The European Parliament held a hearing on February 12, 2008 titled the “Sexual and Reproductive Health and Rights of Young People: The Need for Comprehensive Sexuality Education in the South.” The event was organized by a diverse coalition1 of NGOs, and presenters included Rosemary Zulu of Students Partnership Worldwide (SPW) Zambia, Bilal Aureng Zeb of Youth Advocacy Network Pakistan, and youth from the Global South who gave a statement on their experiences.
Rosemary Zulu’s comments focused on the prevalence of HIV/AIDS in Zambia, currently at a rate of 17%, and attributed the rate among young people to a lack of SRHR information and comprehensive sexuality education for youth. She also pointed out the discrepancy in SRHR services to youth in urban areas versus rural areas in Zambia, the latter often having little or no access to these services and information. Overall she stressed the importance of peer education, “gender mainstreaming” or improving gender inequality, assistance with sex education funding and implementation in schools, and use SRHR advocacy organizations as consultants to address the lack of comprehensive sexual education for youth.2
Bilal Aureng Zeb presented on “Comprehensive Sexuality Education in the Global South: Empowering Young People” and discussed various effects that the lack of comprehensive sexuality education has on youth in Pakistan. Of Pakistan’s approximately 156 million people, 25 million are young people, ages 15 – 24. High rates of maternal mortality (500 deaths for every 100,000 live births) and abortion (29 per 1,000 women ages 15–49) are of particular concern in Pakistan. Other issues include physical and sexual abuse, early marriages and pregnancies, abortion, HIV/AIDS, and STDs/STIs. He also discussed the need for cultural and religious sensitivity and suggested specific ideas such as separating males and females for sexual health education sessions, quoting from religious texts, and keeping parents involved for “values clarification.” He argued that the European Union’s (EU) needs to invest in governance and democracy programs on the national level, raise awareness through the media, sponsor teacher training programs, and provide financial resources to create youth networks.3
The hearing concluded with a youth statement signed by YouAct, WPF, EuroNGOs, RFSU, and the German Foundation for World Population (DSW). The statement pressed for a greater awareness of and information provided on comprehensive sexuality. The young people also stressed that their peers were suffering many negative outcomes as a result of current laws and policies: approximately half of new HIV infections are in youth—in large part because they don’t have the knowledge or tools needed to protect themselves, girls under the age of 18 are twice as likely to die during childbirth, and approximately 82 million girls in the Global South will be married before their 18th birthday. Youth in the Global South are more affected by SRHR issues and have less decision-making ability regarding marriage, sex, and the use of contraceptives.4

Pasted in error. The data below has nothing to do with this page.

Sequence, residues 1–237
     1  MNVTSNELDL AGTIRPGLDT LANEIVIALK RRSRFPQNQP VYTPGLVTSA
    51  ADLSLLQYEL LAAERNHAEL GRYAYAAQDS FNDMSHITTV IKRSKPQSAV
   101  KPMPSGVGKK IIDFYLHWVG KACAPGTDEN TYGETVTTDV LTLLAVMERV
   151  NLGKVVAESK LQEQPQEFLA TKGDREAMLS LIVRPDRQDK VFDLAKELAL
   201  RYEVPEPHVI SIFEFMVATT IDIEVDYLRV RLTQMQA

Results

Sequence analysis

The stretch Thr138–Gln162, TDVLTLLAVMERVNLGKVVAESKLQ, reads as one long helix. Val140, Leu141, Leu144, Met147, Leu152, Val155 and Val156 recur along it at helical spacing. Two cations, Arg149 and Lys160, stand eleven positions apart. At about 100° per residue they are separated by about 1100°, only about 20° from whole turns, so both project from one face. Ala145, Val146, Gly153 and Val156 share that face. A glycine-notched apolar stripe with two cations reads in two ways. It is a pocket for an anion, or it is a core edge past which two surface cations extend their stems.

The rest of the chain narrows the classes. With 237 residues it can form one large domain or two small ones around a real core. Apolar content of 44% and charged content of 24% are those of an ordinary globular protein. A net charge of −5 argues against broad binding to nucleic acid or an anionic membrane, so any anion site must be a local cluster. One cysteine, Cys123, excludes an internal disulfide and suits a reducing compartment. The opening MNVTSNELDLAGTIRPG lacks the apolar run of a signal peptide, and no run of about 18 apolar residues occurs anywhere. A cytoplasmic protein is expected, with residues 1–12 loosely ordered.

While particular SRHR issues in the Global South can vary by region, a desire for comprehensive sexuality education is shared throughout the South. The hearing provided an opportunity for organizations to give recommendations to the EU on how to implement programs and policies. Perhaps the most poignant were the recommendations from the youth themselves who requested meaningful participation of youth in the decision-making process including inviting them to take part in United Nations summits and the creation of strategy papers, commitment to including comprehensive sexuality education programs in the money allocated to secondary education and basic health, training for youth advocates, and a re-commitment to achieving previously agreed upon global development goals like the Millennium Development Goals and the Cairo Programme of Action.5
“This meeting marks a dynamic call for improving the quality of and access to sexuality education and sexual health services for youth across the Global South,” said William Smith, vice president for public policy at SIECUS. “Comprehensive sexuality education is the foundation of a rights-based approach to sexual health and has the proven benefit of improving health outcomes by increasing responsible sexual behaviors.”
- The conference was convened by European Youth Network on Sexual and Reproductive Rights (YouAct), the European NGOs for Sexual and Reproductive Health and Rights, Population Development (EuroNGOs), The Swedish Association for Sex Education (RFSU), and The World Population Foundation (WPF).
- Rosemary Zulu, Students Partnership Worldwide Zamiba (2008), < http://sexogsamfund.net.dynamicweb.dk/Default.aspx?ID=16022 >.
- Bilal Aureng Zeb, Comprehensive Sexuality Education in the Global South: Empowering Young People Youth Advocacy Netowrk Pakistan < http://sexogsamfund.net.dynamicweb.dk/Default.aspx?ID=16022 >.
- Euro NGO, YouACT, WPF, RFSU, Hearing in the European Parliament on Sexual and Reproductive Health & Rights of young people: a need for comprehensive sexuality Education in the South (2008), < http://sexogsamfund.net.dynamicweb.dk/Default.aspx?ID=16022 >.